Five Reasons George Springer Won’t Sign With the SF Giants

By Marc Delucchi
George Springer of the Houston Astros (Photo by Rich Schultz/Getty Images)
George Springer of the Houston Astros (Photo by Rich Schultz/Getty Images) /
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SF Giants, Tommy Pham
Tommy Pham of the San Diego Padres is one of many potential non-tender outfield candidates that make it hard to envision the SF Giants bringing in an expensive bat like George Springer. (Photo by Rob Leiter/MLB Photos via Getty Images) /

Reason George Springer Won’t Sign With The SF Giants:
2. Contract Demands/Market

This coming offseason had the potential to be a “nuclear winter” prior to the COVID-19 pandemic. The impending CBA negotiations were already going to be a dark cloud over free agency and now that teams have the excuse of a year with limited revenues, we should expect things to get even bleaker for players.

With that said, Springer is unlikely to bear the brunt of the impact. Enough teams should be interested in his services that a multi-year deal worth at least $20 million a year will be on the table. For the Giants, they’ll have to ask themselves whether that’s where they’d like to dedicate their resources.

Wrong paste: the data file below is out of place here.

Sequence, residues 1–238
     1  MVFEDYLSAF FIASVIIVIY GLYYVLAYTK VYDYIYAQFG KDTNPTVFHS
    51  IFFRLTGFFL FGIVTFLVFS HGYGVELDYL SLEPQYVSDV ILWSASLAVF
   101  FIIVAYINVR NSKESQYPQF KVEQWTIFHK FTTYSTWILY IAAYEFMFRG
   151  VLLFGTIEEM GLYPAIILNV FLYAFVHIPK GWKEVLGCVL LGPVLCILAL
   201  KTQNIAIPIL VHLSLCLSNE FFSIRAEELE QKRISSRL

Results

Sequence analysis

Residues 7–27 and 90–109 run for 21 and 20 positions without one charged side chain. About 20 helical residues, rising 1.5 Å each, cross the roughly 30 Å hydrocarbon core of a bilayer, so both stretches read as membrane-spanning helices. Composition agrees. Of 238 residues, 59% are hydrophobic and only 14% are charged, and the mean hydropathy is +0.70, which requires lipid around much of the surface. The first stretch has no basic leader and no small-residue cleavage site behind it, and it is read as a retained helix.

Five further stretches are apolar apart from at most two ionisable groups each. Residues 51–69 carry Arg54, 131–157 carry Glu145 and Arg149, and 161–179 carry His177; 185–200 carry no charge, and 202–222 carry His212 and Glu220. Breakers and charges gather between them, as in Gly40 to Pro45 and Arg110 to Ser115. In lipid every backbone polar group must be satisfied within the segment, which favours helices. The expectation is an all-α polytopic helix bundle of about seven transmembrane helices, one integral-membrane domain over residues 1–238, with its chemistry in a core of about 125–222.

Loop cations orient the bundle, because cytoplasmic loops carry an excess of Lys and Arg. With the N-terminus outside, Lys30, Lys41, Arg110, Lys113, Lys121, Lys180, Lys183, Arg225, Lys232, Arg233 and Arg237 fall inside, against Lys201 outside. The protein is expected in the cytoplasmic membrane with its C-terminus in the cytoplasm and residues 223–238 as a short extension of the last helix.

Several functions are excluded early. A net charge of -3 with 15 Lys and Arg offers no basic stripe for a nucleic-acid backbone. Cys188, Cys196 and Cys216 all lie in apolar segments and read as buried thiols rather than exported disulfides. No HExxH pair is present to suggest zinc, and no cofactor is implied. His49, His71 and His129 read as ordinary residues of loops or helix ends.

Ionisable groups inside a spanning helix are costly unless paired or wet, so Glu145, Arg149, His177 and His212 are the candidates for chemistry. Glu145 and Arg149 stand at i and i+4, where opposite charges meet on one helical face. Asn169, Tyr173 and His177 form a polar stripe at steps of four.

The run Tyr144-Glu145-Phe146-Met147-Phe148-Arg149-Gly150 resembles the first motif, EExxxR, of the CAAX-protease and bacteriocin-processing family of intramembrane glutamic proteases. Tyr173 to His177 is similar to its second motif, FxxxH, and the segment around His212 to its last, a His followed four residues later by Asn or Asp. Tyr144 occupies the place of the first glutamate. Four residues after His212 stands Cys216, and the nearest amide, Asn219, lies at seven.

Money shouldn’t be an issue for the Giants, who reportedly remain in comfortable financial standing even after the pandemic. If they want to sign Springer, they’ll have the flexibility to outbid every team. The issue is opportunity cost.

While the other impending free-agent outfielders on the market are not a particularly strong group, teams are expected to be particularly aggressive non-tendering arbitration eligible players. Roger Munter at There R Giants mentioned Eddie Rosario as one intriguing name to watch. Looking further, players like Kyle Schwarber, Daniel Santana, and Tommy Pham could be interesting targets for the Giants as well if they want outfield depth without a large financial commitment.

The Giants situation obviously differs from the start of Zaidi’s tenure, but he’s consistently been far more aggressive in the lower tiers of free-agency than the top.